This morning I left Monk Haven Manor B&B owned by Jan & Rob Mathias on the western tip of Wales. It is an idyllic spot with stone cottages scattered around a stone vicarage and chapel from ancient times. Rob & Jan’s daughter, Sian, and her architect husband, Simon, run a pub in nearby Dale that was recently voted the second best pub in Wales. In 1981-82 Rob and I were flankers for the Freeport RFC in the Bahamas. Sian hadn’t started kindergarten yet.
Rob was Welsh and grew up playing rugby and cricket. He played for clubs that had existed since the 1800s. He knew the sport and played with the enthusiasm and skill of a good youngish Welsh flanker from the amateur era. I grew up in southern Mississippi playing football, baseball, & basketball before a year playing rugby at Tulane University followed by seven years as a founding member of the New Orleans RFC.
We have been friends for 33 years now. Since 1982 we have probably seen each other 6 times, but it is that cliche of a relationship where when we get together the years vanish. Of course now with bald heads and aches and operations and medications and friends dying there will be no repeats of days having Newcastle Browns for breakfast the morning after the post-match party with Balmy Beach while on tour to Toronto. A few bottles of wine around the table after grandkids have been put to bed will be followed by a morning of physical remorse and tea.
Time has moved us from the joy of playing the sport to fans who let the sport draw us together for joy. The fun of carousing and hanging out together after a match was a large part of the fun of the sport. It was this aspect where I developed many of the friends I have today. Tomorrow I leave for Cardiff and will visit with a friend I played with in Ecuador 1983-85.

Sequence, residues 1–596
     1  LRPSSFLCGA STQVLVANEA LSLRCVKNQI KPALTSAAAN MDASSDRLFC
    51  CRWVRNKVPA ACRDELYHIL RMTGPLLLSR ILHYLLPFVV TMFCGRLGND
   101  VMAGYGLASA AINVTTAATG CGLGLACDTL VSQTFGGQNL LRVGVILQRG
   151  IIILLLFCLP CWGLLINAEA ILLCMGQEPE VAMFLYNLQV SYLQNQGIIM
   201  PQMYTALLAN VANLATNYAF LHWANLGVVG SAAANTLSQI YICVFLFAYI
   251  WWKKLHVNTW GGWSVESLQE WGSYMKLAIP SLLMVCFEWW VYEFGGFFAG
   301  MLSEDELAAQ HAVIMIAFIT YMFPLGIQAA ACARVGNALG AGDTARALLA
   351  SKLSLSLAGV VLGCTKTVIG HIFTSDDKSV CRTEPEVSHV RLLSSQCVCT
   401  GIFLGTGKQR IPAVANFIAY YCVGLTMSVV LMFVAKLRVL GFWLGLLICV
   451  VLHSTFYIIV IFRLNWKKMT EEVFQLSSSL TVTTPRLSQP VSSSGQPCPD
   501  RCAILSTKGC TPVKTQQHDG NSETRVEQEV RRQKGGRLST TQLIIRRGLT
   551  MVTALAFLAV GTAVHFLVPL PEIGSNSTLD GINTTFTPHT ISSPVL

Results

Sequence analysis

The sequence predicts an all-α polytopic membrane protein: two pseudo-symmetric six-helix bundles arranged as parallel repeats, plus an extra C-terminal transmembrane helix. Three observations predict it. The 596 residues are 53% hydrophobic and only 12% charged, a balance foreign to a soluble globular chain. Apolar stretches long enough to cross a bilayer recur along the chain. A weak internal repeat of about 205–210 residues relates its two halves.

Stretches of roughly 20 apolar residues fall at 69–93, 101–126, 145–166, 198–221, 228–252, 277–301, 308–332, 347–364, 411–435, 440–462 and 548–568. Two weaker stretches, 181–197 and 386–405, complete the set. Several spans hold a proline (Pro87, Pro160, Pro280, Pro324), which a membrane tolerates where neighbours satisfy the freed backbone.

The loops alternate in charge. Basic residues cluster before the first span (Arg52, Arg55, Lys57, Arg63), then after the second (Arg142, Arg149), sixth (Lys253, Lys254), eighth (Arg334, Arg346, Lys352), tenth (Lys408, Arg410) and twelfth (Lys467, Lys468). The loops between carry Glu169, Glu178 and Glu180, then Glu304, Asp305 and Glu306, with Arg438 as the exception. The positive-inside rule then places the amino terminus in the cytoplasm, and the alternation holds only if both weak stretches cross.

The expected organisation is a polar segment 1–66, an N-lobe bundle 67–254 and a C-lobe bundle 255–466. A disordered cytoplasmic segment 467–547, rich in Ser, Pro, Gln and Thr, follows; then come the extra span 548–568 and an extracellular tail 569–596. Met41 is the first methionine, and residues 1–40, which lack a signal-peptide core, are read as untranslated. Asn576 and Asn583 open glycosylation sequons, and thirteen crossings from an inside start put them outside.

I wonder what type of relationships the current players in the professional era make. Does the spirit of what will probably become a lasting relationship with a teammate affect team performance? Is this a factor in Australia’s success? It has been reported that Australia turned-down the English team’s training camp because there was nothing to do there in down time. The English coach, like the USA coach, was reported to be strict with players and their free time. Their teams are both out of the tournament. Maybe it is time to let the professionals have a beer and sing a song.
The quarterfinals start Saturday with South Africa vs Wales in Twickenham. If opportunity to bond off pitch boosts performance on the pitch, then South Africa might have given Wales an advantage by moving into England’s facilities in somniferous Surrey. In Cardiff Saturday Argentinians could regret the Irish lads lifting a glass of Guinness on the 19th hole in a vow to win the whole thing for their injured captain, Paul O’Connell. The following day in Cardiff the French’s joie de vivre might prove too much for the aging All Blacks. Deja vu all over again? Unfortunately for the Scots the Aussies have hung on to their training ground close to golf, cinemas, and a good source of prawns for the barbie. But at Twickenham on Sunday one thing might cut-in on the Wallabies waltzing into the semi-finals. An Australian match commissioner might have inadvertently inspired the Scots to greatness when he cited two Scottish players, Ross Ford and Jonny Gray, for a tip tackle vs Samoa. Even more unifying than having a laugh and a beer together after a hard match or practice is when the other team has done somebody on your team wrong. Aussies beware the spirit of William Wallace.